You are here

Mehmet Becerikli v Secretary of State for the Home Department

While a past history of no persecution was not determinative of future risk, unless circumstances in an asylum seeker’s return country had deteriorated or some other special factor was present, it was inevitable that an asylum seeker would have difficulty in showing future risk in the absence of any finding of past persecution.

15 September 2006

The appellant asylum seeker (B) appealed against the decision of the Asylum and Immigration Tribunal upholding the decision of the respondent secretary of state to refuse his claim for asylum. B, a Turkish national of Kurdish ethnicity, entered the UK and claimed asylum on the ground that he had a wellfounded fear of persecution were he to be returned because of his family’s known political involvement with illegal separatist organisations and his own political involvement with pro-Kurdish parties. B contended that he had been detained on a number of occasions. The secretary of state refused his claim on the basis that B would be of no interest to the Turkish authorities. The tribunal subsequently found that B was at no real risk of persecution, having considered the case of MS (Turkey) [2004] UKIAT 192, which suggested that the vast majority of detentions of political detainees were unrecorded. B submitted, inter alia, that the immigration judge had erred in failing to a...

Want to read on?

This article is part of our subscription-based access. Please pick one of the options below to continue.

Already registered? Login to access premium content

SUBSCRIBE for one User

Unlimited access to the entire SJ website for a full year for one user.

  • 10 issues a year delivered to you
  • Digital edition of the magazine for one user – sent to your inbox or accessible through the website
  • Access to premium content on the website
  • Access to the fully searchable online archive of Solicitors Journal, Managing Partner and Private Client Adviser, which spans over 13 years
  • Weekly email newsletter with all the latest news, analysis and features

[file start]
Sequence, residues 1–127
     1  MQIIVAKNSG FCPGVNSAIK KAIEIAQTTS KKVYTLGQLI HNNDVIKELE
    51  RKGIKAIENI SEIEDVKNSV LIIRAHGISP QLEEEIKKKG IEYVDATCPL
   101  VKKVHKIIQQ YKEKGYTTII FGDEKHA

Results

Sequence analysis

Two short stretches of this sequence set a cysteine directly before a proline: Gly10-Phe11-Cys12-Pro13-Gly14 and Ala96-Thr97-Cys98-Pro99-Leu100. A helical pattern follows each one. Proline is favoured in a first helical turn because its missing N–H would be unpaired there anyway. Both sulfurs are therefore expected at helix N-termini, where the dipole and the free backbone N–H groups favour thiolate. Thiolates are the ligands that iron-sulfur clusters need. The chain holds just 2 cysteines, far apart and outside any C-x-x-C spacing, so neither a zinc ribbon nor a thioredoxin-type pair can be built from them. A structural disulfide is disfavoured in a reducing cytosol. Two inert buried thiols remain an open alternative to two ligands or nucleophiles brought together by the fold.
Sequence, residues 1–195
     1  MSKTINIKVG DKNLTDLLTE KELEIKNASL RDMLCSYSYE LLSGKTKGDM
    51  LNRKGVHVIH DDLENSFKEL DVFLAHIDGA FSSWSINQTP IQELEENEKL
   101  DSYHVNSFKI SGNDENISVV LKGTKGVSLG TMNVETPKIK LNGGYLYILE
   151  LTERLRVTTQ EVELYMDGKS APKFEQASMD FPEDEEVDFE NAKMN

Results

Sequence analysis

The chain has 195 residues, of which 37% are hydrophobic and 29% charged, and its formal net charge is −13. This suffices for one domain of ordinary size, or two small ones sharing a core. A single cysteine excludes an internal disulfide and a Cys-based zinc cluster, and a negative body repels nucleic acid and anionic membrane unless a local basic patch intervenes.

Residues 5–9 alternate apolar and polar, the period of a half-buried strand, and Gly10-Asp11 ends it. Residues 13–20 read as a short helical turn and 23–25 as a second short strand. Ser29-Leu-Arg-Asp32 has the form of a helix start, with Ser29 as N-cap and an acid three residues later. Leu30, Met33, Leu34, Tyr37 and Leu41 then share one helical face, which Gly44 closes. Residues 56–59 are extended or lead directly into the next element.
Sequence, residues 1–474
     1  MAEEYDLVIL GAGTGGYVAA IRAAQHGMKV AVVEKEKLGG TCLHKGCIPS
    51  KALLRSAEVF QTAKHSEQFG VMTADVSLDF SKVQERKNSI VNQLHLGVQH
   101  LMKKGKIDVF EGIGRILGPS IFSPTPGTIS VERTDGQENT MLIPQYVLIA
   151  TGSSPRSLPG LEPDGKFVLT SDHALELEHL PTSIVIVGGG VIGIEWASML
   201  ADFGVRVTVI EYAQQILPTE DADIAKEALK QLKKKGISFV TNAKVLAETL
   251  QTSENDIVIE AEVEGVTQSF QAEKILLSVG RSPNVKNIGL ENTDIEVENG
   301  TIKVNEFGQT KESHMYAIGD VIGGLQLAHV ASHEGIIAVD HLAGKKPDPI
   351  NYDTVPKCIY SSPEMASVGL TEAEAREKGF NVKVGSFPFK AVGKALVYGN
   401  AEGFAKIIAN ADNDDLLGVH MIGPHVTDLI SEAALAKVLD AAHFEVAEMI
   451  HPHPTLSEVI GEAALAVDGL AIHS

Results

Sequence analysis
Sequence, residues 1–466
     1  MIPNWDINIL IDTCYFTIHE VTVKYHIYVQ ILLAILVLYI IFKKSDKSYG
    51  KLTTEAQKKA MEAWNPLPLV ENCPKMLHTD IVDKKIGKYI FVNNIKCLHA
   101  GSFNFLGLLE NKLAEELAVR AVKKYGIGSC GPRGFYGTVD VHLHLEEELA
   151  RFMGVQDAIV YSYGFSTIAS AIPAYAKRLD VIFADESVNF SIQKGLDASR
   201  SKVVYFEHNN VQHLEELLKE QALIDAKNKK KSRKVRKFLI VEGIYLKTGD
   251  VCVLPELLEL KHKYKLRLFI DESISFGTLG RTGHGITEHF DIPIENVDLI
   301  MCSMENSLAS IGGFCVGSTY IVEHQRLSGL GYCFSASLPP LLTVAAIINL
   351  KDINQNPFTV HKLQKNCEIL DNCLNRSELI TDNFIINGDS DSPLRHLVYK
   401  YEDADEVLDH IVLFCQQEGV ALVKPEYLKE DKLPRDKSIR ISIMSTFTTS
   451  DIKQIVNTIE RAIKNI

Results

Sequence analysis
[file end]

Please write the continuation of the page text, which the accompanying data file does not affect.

• Comment on SJ content and contribute to the SJ community online
  • Advanced search feature
  • Online support
  • Access to SJ app compatible with Android and Apple devices – coming soon!
  • 6 special focuses per year
  • Special offers and discounts on Solicitors Journal and IICJ events

Subscribe

CORPORATE SUBSCRIPTION

Your department or entire firm can subscribe to Solicitors Journal online, providing easy access for all who require it. Discount corporate subscription rates apply, based on number of users.

The Corporate IP Licence includes:

  • Digital copy of the magazine sent to individuals’ inboxes and accessible through the website. Solicitors Journal publishes 10 issues per year
  • Unlimited access to premium content on the website based on IP addresses
  • Unlimited access to the fully searchable online archive of Solicitors Journal, Managing Partner and Private Client Adviser, which spans over 13 years
  • Weekly email newsletter with all the latest news, analysis and features
  • Comment on SJ content and contribute to the SJ community online (username required)
  • Unlimited access to SJ app compatible with Android and Apple devices
  • 6 special focuses per year
  • Special offers and discounts on Solicitors Journal and IICJ events

The Corporate IP Licence is tailored to your firm, making it the most cost effective way for the firm to access Solicitors Journal, and enables the firm to remain compliant with copyright and our Terms and Conditions. This gives you the ability to print and circulate articles within the firm.

To enquire about a Corporate IP Licence for your firm, please contact our Subscriptions Manager on emily.beechey@solicitorsjournal.com.